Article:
Queen Anne’s lace (Daucus carota) is a member of the Apiaceae (formerly Umbelliferae) family, which includes celery, angelica, dill, parsley, carrot and many other flowering plants known for their umbrella-like flowerheads and feathery foliage. It is known as Queen Anne’s lace primarily in North America and by several other common names elsewhere, such as bird's nest, bishop's lace and wild carrot. Its royal moniker reputedly arose when the 18th century monarch, Queen Anne of England, pricked her finger and spilled a drop of blood onto the white lace she was darning, representing the tiny, solo reddish-purple flower visible at the center of the umbrel.
A rugged wayside “weed” and meadow plant, Queen Anne’s lace is a beneficial companion plant to many crops because it attracts pollinators and it is often cultivated for this purpose. The ancient Romans prepared the plant as a vegetable and Native Americans and early European settlers boiled the flowers to make a cream-colored dye and the taproots to make a sweet syrup, which they sometimes incorporated into cordials and wines and later into puddings and jellies. The roots taste a bit like carrots (but are very fibrous) and contain nearly as much sugar as sugar beets.
First year plants are recommended for culinary purposes. The flowers may be made into tea or tossed into soups and salads. They can also be fried whole like dandelion fritters. The leaves are chopped and added to salad greens and the seeds are added to simmering soups and stews. Be aware, however, that the seeds have historically been used as a contraceptive and abortifacient, so avoid the plant if you are pregnant nursing, or trying to get pregnant.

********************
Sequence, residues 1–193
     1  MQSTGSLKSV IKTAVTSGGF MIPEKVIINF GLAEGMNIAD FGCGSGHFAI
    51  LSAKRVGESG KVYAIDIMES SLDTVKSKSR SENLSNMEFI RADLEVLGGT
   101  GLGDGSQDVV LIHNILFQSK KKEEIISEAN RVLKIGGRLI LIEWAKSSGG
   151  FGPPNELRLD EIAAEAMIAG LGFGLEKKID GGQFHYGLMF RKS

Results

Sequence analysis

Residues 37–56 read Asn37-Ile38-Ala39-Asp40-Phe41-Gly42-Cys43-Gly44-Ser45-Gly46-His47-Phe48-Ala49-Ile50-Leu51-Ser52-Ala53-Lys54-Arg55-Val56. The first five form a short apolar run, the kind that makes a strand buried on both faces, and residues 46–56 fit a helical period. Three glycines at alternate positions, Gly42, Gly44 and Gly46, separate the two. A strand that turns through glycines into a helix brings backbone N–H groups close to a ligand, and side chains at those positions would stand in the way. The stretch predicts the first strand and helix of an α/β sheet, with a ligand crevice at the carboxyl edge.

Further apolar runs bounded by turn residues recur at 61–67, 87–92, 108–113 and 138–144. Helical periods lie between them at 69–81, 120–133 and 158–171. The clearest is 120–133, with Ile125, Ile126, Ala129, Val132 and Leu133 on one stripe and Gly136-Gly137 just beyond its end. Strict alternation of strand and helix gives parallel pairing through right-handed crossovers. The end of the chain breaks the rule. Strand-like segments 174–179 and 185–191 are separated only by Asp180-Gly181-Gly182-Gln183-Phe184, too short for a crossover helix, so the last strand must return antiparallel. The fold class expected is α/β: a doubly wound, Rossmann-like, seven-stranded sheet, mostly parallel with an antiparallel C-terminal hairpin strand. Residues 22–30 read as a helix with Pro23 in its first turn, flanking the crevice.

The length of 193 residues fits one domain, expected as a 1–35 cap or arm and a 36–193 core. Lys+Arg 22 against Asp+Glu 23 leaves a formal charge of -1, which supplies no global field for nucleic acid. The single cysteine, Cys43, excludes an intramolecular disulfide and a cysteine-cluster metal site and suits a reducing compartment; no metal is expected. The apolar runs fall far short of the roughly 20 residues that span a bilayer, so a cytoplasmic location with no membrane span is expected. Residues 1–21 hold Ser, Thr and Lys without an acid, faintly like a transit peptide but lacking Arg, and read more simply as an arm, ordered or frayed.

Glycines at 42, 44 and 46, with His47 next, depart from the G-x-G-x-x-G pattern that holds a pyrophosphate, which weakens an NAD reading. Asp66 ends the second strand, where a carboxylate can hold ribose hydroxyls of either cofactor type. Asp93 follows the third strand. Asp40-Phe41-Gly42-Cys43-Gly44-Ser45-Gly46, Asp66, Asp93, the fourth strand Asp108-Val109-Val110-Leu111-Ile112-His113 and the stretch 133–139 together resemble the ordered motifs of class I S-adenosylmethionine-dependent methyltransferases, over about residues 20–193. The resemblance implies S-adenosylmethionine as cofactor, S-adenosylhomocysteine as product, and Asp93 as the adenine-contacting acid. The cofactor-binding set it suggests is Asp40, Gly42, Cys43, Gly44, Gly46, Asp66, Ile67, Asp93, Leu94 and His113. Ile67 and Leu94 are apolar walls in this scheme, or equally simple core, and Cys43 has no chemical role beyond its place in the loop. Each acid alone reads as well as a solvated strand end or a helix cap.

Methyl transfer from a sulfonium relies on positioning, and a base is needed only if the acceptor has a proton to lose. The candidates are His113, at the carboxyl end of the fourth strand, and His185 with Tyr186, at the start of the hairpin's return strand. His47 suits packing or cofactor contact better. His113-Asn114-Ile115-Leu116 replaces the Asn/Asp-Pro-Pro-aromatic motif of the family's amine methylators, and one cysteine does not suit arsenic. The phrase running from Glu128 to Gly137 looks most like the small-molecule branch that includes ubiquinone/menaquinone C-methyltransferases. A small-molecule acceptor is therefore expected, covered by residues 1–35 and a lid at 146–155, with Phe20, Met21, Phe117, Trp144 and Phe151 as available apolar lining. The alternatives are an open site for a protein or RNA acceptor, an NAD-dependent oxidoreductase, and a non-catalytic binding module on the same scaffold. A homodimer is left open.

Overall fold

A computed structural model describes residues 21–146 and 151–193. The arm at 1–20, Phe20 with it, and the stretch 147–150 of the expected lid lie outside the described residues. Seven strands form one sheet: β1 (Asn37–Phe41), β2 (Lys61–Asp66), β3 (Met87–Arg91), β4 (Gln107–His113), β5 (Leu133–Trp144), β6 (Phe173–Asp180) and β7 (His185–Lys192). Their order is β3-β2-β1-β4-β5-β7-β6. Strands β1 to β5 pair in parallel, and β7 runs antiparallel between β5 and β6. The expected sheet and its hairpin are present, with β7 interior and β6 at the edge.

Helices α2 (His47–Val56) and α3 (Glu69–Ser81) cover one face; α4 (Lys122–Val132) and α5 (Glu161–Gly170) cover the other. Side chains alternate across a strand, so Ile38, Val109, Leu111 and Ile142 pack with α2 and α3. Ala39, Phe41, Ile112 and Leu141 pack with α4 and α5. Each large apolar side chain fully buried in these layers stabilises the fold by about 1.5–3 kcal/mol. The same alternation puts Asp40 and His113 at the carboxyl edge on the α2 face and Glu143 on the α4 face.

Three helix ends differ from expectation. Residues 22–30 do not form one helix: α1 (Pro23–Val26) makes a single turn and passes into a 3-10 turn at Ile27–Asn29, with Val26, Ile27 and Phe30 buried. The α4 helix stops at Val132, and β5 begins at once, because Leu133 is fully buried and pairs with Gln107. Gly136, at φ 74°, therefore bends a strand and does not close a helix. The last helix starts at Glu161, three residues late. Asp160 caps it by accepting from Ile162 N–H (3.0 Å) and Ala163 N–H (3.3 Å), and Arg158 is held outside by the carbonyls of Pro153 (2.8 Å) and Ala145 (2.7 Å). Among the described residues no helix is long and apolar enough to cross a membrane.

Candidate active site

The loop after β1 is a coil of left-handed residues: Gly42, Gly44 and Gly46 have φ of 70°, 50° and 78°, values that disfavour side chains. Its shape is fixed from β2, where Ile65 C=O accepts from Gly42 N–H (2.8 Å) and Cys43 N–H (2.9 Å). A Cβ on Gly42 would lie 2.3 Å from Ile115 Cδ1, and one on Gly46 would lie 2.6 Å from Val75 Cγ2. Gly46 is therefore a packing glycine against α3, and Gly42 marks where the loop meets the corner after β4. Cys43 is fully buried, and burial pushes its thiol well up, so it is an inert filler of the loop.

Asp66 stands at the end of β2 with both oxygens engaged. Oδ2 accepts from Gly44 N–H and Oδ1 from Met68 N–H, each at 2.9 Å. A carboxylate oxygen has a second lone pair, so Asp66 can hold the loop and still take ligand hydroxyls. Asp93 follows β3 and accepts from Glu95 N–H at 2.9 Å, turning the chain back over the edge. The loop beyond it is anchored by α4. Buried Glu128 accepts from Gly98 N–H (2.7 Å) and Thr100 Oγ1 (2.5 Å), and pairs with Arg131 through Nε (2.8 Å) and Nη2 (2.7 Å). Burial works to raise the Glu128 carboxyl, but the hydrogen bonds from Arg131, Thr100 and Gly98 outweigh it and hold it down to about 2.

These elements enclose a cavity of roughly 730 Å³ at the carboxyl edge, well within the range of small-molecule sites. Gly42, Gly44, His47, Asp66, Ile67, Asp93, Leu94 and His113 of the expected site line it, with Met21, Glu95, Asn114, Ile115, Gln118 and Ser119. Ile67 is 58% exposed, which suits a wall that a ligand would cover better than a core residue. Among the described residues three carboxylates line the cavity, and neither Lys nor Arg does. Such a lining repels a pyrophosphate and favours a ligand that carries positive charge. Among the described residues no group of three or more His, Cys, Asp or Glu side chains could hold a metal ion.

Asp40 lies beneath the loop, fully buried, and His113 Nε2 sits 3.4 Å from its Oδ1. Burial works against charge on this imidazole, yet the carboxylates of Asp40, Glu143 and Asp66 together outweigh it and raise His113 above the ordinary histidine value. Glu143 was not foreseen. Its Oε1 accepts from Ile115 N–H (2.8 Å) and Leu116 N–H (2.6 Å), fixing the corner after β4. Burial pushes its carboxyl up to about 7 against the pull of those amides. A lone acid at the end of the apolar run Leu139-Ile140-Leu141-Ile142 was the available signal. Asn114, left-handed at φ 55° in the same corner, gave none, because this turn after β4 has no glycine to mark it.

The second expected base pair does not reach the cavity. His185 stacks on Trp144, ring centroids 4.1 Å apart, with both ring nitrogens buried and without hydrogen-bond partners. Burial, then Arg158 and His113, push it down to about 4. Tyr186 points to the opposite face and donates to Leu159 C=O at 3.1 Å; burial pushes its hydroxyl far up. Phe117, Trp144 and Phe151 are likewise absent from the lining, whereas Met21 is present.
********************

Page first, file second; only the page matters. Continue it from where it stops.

Care must be taken when foraging Queen Anne’s lace from the wild. The plant closely resembles its toxic cousin, poison hemlock, and grows in a similar habitat. The rule of thumb to making a positive identification is to remember this phrase: The Queen has hairy legs. Queen Anne’s lace has solid, hairy stems that are green in color, while hemlocks have hollow, smooth stems that sport purple specks. Another distinguishing characteristic of Queen Anne’s lace is that when the flowerheads go to seed they curl up like an umbrella closing, giving it the appearance of a miniature bird’s nest.
Queen Anne’s Lace Jelly
4 cups filtered water
2 cups Queen Anne’s lace flowers
1/4 cup freshly squeezed lemon juice
1 package powdered pectin
3 1/2 cups, plus 2 tablespoons, organic sugar
Using a heavy saucepan, bring the water to a boil. Remove from heat and add the flower to the pan (you will probably need to push them under the water with a wooden spoon). Cover and let steep 30-45 minutes. Strain; reserving the liquid in a second saucepan (compost the flowers). Add the lemon juice and pectin. Bring to a boil, stirring constantly. Add the sugar and continue to cook, while stirring, until mixture comes to a rolling boil again. Keep boiling, while stirring constantly, for another minute. Remove from heat. Let cool slightly and skim off any foam. Pour into sterilized jelly jars leaving 1/4” head space; lightly screw down the lids. Process in a hot water bath for 5 minutes. Let the jars rest on a counter or table undisturbed for 8 hours or overnight before storing.